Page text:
The best way to become a good mother may be to learn from an experienced mother. This is the conclusion of new research on female mice, as revealed by A New study Conducted by a team of scientists from New York University Skirball Institute for Biomolecular Medicine.
Specialists filmed thousands of hours of interaction between female mice and found that the mice’s mothers are outstanding guardians.
“We discovered a behavior we had never seen before, in which new rat mothers, without being asked, brought virgin rats into the family nest with their cubs inside. These mothers also tried to teach the virgins how to care for the cubs,” revealed the lead author of the peer-reviewed study Ioana Karcia, Assistant Professor in the Department of Pharmacology, Physiology and Neuroscience Rutgers New Jersey School of Medicine, who led the study published in Nature Magazine.
“Basically what the mothers do is train the virgins to be good caregivers for the puppies. The virgins may not care for the cubs at first, but after observing the experienced mothers, they willingly begin to behave as the fathers do. The same can happen with mothers. This provides scientific evidence for benefits seen in human parenting classes or, interestingly, in multigenerational families.” These observations lead to oxytocin production in virgin females’ brains, which chemically shapes mothers’ behaviors even before they have their young.
In the study, Rutgers researchers and Grossman School of Medicine at New York University They filmed thousands of hours of female mice interacting with their newborns, as well as virgin mice. They analyzed simultaneous electrical recordings in a region of the brain known to produce Oxytocin, a hormone that plays a role in female reproduction and parenting behavior in both mice and humans. Oxytocin can shape maternal behavior even before mice have even had their young.
The researchers observed that a mother mouse collects her young in the family nest and trains another female that does not have young to perform the same parental task. This happened even when the mice watched the interaction through a clear plastic window.
The research team built on their previous studies of the so-called pleasure hormone, showing that the release of oxytocin is necessary not only to initiate breastfeeding, but also to initiate other maternal behaviors.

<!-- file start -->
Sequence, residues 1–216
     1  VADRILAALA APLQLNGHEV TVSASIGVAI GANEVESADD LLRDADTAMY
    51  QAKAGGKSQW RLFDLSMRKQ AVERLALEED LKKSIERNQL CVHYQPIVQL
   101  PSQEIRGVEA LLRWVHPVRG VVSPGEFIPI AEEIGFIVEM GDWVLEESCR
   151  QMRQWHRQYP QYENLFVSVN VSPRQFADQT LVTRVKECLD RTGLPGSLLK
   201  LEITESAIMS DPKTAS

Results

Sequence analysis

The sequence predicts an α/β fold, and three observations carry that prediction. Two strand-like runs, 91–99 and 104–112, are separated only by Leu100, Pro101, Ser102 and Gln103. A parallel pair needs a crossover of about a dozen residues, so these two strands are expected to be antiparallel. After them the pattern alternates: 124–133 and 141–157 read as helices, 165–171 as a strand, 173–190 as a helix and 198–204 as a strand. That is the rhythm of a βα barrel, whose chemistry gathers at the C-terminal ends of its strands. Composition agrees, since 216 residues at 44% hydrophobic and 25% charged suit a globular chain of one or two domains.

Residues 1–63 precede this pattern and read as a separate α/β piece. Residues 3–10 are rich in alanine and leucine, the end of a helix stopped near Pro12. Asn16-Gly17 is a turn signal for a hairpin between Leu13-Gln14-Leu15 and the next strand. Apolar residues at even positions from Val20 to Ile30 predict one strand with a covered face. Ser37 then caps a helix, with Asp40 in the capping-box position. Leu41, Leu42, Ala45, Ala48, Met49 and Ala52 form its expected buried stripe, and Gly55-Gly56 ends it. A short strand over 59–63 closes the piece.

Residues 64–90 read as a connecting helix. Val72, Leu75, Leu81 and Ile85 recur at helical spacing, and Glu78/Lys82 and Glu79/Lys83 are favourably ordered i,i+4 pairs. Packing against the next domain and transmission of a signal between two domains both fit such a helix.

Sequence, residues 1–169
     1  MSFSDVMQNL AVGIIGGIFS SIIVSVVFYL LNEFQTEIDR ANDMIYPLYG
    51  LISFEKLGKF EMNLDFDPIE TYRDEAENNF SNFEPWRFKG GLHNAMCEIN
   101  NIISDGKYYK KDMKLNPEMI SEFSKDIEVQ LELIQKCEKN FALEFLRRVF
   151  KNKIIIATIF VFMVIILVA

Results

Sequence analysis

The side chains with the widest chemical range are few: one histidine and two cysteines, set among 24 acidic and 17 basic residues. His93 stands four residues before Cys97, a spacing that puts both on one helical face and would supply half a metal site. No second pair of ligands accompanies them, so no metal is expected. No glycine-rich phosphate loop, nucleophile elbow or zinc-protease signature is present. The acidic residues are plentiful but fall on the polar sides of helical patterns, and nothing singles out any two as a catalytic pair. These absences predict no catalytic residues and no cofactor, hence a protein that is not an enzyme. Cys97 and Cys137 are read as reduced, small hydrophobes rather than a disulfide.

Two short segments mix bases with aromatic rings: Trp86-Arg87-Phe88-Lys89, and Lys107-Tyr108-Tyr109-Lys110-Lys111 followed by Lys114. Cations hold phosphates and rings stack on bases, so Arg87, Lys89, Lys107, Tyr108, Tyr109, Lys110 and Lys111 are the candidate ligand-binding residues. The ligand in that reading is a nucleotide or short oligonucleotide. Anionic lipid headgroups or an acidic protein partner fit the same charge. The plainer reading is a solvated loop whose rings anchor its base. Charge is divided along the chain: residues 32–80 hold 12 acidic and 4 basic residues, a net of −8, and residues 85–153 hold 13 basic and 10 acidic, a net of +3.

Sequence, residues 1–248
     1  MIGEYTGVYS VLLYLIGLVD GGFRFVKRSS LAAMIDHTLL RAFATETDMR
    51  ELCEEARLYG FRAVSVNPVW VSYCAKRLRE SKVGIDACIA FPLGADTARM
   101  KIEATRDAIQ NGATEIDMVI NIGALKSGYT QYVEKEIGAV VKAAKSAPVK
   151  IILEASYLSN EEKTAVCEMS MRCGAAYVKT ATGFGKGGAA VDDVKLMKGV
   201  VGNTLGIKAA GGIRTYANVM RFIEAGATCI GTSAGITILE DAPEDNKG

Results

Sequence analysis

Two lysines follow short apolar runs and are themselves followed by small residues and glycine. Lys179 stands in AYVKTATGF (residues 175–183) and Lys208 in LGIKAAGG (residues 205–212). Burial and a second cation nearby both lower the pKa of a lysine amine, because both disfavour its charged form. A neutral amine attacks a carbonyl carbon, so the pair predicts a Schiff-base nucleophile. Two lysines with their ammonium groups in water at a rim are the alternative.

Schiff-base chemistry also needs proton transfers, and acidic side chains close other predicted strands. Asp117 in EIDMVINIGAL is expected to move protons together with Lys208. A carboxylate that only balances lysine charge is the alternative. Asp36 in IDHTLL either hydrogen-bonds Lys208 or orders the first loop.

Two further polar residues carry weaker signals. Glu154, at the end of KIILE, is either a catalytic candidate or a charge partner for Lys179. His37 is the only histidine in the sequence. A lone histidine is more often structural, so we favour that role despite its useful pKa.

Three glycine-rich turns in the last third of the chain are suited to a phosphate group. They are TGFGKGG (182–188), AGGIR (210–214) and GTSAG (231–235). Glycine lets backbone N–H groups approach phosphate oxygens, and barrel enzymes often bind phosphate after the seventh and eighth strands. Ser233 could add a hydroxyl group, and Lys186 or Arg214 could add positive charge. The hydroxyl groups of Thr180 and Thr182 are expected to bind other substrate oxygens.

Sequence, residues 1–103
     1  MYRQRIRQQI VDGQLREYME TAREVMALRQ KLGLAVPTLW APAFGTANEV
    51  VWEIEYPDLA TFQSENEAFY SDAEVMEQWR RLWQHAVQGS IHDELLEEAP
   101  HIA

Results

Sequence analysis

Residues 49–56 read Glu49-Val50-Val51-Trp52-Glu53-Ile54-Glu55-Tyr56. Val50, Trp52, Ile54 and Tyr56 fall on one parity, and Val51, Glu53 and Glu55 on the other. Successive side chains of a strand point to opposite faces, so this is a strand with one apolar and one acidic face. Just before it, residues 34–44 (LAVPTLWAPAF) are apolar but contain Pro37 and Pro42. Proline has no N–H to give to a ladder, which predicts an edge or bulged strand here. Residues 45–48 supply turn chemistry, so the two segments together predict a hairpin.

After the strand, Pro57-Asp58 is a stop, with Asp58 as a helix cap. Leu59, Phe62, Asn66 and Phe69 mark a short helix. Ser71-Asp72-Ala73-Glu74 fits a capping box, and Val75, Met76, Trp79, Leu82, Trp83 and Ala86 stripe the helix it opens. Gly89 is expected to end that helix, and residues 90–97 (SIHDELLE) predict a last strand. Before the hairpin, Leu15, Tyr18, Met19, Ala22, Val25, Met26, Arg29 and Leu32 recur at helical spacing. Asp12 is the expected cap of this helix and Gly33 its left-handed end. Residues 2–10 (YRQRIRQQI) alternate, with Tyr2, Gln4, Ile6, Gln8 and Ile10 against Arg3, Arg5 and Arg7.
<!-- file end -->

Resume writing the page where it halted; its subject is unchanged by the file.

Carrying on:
They also measured the electrical activity of the brain in virgin mice during grazing and afterwards when they became single mothers. They found that both the sight and sound of crying puppies emerging from their nests stimulated oxytocin production in a specific area of the brain., ventricular hypothalamic nucleus. When the scientists blocked the same oxytocin production pathways, the virgin mice did not learn to care for the pups.
The study’s principal investigator, Robert C. Skirball Institute of Biomolecular Medicine at NYU Langone Health-. Given the evidence, we suggest that similar mechanisms are at work in human mothers.” The team’s next step plans to examine whether the same orientation relationship exists between paternal mice and virgin males.
Back to History – Explains Psychologist Eliana Lipquin, co-creator of parenting groups-In ancestral tribes, women used to take part in childbirth and raising children with each other. In these tribes, the same symbol was created in connection with breeding. With the birth of modern societies, this has undergone a profound transformation. Various social, economic and political contexts affected the new lives of families. These new formations made the clan’s upbringing disappear along the way and the process of upbringing individualized. Proposing to return to the tribe or group by peer upbringing, not only allows them to build networks of containment and support, but also helps in coping with depression and loneliness. That there are many times in the puerperium, or that the anxieties and fears that occur during pregnancy dissipate, or that the doubts that have occurred can be revealed.”
“This paper redefines oxytocin’s role in brain function, extending its impact to the massive and complex social media activities that force the brain to pay attention and adapt to its environment at the time, either by responding to the sound of a screaming puppy or feelings of happiness,” concludes Frumke.